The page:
It’s no secret that correctional officer jobs are some of the most challenging, with overcrowding problems, difficult working conditions, and stressful – even dangerous – environments being a reality of their profession.
As such, high turnover rates due to burnout and injury are common among correctional officers and are a dilemma that must be addressed as to ensure safety for corrections officers, inmates, and the community.<!- mfunc feat_school ->
The Value of Correctional Officer Mentoring Programs
Many state corrections agencies, however, are initiating programs aimed at helping new correctional officers transition into their work environment. Under the watchful eye of a trained correctional officer, new corrections officers are able to learn their profession without much of the pressures associated with learning the ropes of a new job.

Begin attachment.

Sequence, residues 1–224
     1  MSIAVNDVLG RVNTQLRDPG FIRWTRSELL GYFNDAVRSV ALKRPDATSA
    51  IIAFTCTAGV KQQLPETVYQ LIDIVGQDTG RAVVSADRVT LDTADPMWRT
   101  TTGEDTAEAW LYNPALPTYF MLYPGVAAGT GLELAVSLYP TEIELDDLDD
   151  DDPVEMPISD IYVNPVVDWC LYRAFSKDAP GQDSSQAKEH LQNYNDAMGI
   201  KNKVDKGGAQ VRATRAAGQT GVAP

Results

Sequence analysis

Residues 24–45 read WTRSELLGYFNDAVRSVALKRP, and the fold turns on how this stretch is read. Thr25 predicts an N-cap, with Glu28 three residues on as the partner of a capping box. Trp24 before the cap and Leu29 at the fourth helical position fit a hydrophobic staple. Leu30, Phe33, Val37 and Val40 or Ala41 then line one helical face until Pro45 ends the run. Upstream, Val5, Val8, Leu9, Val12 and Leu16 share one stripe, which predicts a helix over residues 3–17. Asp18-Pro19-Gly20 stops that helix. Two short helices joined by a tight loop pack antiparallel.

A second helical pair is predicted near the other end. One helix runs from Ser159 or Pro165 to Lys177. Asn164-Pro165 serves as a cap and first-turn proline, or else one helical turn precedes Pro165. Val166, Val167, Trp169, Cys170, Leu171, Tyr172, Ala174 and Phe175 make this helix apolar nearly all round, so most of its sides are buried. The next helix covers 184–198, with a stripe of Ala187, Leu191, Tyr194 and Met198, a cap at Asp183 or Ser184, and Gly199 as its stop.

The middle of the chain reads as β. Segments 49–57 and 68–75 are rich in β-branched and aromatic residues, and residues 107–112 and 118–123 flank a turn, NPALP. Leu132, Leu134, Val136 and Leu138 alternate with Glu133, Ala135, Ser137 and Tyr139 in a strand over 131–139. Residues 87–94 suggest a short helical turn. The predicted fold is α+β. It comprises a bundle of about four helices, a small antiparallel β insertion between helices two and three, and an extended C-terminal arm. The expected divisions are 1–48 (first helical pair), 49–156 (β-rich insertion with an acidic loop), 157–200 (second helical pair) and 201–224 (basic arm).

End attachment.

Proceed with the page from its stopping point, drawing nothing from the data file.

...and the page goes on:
Correctional officer mentoring programs have been successfully integrated into many corrections agencies. Many of the mentoring programs provide specific guidance to new correctional officers, including work in communication, motivation, ethics, and leadership.
Given that the environment into which a corrections officer must face can be quite overwhelming – and downright frightening, in some cases – this type of program is expected to help decrease the high turnover rates associated with this profession. In addition, administrators hope that news of successful mentoring programs will encourage a new crop of individuals to seek corrections officer jobs.
Often times these programs provide new corrections officer with such important information such as how to respond to inmates or the proper chain of command. Instead of expecting new corrections officers to automatically understand the job and fit in, mentoring programs provide them with the support and guidance so crucial to ensuring long-term success.<!- mfunc search_btn -> <!- /mfunc search_btn ->
Mentors of these programs also speak to their value, as many say they have allowed them to learn new skills and develop a stronger, more cohesive workforce. It also eliminates much of the trial and error associated with new corrections officer jobs.